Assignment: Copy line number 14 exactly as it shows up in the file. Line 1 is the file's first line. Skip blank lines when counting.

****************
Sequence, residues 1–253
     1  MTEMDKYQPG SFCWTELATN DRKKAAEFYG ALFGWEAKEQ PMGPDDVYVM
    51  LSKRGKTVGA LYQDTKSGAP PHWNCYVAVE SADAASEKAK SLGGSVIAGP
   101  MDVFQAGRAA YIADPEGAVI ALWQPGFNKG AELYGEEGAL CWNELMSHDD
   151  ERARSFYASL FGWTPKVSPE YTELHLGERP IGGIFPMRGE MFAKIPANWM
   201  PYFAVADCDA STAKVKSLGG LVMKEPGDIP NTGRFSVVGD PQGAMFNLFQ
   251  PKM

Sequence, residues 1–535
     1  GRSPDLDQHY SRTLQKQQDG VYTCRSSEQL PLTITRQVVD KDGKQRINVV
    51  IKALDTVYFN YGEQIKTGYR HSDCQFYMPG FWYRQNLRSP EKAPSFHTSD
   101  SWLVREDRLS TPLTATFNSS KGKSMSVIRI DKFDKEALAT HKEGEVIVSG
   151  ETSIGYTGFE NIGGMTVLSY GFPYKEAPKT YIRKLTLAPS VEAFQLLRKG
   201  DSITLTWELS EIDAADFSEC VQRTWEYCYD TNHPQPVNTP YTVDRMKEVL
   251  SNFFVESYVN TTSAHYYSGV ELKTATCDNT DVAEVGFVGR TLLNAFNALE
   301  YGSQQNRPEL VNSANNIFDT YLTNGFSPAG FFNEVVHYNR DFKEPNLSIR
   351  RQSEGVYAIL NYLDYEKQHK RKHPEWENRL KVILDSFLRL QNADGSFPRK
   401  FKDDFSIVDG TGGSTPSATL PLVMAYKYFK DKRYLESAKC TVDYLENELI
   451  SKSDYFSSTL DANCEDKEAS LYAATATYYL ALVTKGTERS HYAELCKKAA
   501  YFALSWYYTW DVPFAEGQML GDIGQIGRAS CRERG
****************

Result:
   251  SNFFVESYVN TTSAHYYSGV ELKTATCDNT DVAEVGFVGR TLLNAFNALE